Information plays a major role in our society. Whether it is political, social, economic, cultural or sports-related, it is now delivered continuously on multiple media.
It has therefore become essential for a broadcaster to be able to easily interface with the systems deployed by the main press agencies. The NETIA solution offers a certain number of tools dedicated to the acquisition and processing of press agency news feeds.
The acquisition of wires from several sources is based on protocols defined by the various suppliers. Script Office is compatible with the standard market protocols such as those of AFP (Agence France Presse), Reuters, AP, Bloomberg, IRN, etc. These agency wires can be received simultaneously in Arabic, Chinese, Russian or Latin.
In order to integrate with existing clients, NETIA has developed Newslink.
Based on the MOS protocol (Media Object Server), Media Assist is compatible with several processing and delivery systems such as iNews, ENPS, etc.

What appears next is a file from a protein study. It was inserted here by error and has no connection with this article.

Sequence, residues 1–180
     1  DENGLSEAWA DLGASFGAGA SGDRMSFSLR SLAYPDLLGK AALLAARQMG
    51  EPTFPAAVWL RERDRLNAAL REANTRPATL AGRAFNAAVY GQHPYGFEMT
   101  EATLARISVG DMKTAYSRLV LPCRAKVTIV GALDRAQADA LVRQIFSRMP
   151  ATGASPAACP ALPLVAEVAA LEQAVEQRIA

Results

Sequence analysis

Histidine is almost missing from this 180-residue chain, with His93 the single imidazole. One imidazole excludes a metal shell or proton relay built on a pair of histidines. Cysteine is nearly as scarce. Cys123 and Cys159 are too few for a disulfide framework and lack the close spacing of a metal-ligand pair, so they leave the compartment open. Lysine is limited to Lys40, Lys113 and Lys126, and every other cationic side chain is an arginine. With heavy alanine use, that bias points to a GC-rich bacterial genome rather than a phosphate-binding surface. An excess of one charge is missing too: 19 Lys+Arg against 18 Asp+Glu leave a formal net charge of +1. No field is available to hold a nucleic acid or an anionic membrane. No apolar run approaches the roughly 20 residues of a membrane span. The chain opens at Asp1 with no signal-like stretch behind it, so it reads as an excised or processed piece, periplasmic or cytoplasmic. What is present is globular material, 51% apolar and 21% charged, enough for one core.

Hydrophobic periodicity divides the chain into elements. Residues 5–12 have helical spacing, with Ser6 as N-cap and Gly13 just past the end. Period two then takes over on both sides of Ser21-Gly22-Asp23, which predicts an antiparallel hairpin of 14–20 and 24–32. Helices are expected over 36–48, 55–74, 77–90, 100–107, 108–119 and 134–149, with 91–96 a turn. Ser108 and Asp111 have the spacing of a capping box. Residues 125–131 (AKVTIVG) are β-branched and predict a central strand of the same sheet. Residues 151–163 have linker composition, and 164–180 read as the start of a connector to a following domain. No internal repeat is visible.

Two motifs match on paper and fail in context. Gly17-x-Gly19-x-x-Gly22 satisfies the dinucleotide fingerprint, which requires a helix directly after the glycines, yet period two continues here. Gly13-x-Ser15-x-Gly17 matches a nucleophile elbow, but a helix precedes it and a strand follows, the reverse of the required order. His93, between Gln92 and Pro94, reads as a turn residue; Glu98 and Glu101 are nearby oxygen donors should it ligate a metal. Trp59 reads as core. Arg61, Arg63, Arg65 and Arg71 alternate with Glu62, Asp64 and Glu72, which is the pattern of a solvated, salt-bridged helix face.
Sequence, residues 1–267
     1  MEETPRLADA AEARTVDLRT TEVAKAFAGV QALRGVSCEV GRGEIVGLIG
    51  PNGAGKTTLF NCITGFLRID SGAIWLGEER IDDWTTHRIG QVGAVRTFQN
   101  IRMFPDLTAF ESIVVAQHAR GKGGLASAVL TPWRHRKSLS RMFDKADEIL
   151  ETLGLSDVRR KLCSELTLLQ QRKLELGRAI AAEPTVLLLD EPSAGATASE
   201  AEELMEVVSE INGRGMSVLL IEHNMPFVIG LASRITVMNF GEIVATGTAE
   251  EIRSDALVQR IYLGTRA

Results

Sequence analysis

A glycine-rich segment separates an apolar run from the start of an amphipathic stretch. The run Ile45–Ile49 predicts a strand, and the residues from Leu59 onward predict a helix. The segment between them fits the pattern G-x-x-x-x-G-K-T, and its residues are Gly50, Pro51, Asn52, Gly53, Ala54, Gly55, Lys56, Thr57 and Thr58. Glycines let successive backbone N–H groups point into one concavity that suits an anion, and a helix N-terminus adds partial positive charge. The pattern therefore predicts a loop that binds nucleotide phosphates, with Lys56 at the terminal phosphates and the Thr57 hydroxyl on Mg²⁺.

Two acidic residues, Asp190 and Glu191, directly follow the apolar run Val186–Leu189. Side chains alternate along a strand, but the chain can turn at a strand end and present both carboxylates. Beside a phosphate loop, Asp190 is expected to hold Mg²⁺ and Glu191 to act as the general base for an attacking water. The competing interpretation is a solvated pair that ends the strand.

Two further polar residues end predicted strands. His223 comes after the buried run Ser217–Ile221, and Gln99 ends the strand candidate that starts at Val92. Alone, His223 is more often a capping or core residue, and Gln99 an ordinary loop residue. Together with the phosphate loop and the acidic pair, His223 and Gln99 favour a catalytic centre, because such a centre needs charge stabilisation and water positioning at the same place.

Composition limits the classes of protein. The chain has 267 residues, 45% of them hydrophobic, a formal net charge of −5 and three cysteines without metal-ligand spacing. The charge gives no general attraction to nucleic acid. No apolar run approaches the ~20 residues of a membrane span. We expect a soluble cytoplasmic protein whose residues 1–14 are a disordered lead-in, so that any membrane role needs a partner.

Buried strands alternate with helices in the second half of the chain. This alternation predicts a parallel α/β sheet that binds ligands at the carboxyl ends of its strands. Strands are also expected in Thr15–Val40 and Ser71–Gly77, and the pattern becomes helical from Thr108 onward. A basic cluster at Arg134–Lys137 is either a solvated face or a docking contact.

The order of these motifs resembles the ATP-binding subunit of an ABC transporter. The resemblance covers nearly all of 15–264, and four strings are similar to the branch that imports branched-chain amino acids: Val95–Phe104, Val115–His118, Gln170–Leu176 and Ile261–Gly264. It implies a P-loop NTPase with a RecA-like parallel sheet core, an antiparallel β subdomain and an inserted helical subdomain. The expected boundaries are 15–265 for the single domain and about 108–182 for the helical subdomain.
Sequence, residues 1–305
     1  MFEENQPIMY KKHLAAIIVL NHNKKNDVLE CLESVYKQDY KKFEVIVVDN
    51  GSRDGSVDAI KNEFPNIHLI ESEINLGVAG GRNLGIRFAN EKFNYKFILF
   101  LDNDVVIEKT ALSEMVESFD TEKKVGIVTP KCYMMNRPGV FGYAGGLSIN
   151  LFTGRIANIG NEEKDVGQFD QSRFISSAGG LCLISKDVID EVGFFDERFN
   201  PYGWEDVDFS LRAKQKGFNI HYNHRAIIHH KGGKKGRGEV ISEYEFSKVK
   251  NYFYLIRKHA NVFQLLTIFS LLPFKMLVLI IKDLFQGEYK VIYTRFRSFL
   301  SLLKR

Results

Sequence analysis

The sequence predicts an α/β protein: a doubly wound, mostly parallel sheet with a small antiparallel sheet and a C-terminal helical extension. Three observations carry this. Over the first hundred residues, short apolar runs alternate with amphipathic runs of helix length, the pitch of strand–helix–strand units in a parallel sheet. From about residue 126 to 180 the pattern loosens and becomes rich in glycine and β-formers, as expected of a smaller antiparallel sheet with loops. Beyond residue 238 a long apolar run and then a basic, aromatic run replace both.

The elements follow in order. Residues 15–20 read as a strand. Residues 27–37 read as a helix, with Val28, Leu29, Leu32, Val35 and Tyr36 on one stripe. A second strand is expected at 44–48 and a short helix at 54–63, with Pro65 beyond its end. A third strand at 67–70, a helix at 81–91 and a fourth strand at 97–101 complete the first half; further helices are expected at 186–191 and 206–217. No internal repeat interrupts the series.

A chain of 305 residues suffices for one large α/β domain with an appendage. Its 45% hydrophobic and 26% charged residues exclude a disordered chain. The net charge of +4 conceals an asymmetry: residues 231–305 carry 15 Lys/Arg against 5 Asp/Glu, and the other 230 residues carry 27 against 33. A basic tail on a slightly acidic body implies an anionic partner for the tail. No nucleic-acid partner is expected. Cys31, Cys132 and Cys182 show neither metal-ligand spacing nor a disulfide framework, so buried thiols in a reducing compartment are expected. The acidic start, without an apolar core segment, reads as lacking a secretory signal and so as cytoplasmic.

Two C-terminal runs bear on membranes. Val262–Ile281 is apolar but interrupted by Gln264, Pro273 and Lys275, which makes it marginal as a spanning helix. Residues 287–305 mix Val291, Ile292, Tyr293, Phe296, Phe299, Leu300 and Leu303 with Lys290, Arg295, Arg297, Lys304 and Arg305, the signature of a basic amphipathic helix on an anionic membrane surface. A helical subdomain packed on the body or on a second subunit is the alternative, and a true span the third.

From a single interface, the features of each system are available, for flexibility of use.
Using the back office Newslink module (NETIA MOS gateway), rundowns can automatically be created and Synchronized “Live” in the NETIA system.
For instance, when stories (including text and audio) are placed and ordered into the Air queues in the NRCS, the MOS gateway and Newslink applications work together to create a synchronized sequence of audio in NETIA. Then in the studio, the playlists are broadcast with the control of the newsreader as he reads through the bulletin.
Through the MOS protocol, the NRCS client (NewsRoom Computer System) and the MOS compatible applications can exchange items and playlists, with the following possible actions:
On the NRCS user interface, the user can:
NETIA has ported several of its plugins to the MOS OCX format such as the Radio-Assist browser, Snippet, Snippet+, and a simple player application.
This allows users to record, edit from their NRCS client, and most importantly create comprehensive news packages by directly linking audio elements from the Media Assist database into the story that has to be illustrated by the given piece(s) of audio.
One of the advantage of this technique is that audio items are always attached to the story and vice and versa, making the editorial validation process easier and drastically reducing the problems of finding/playing wrong piece of audio to air.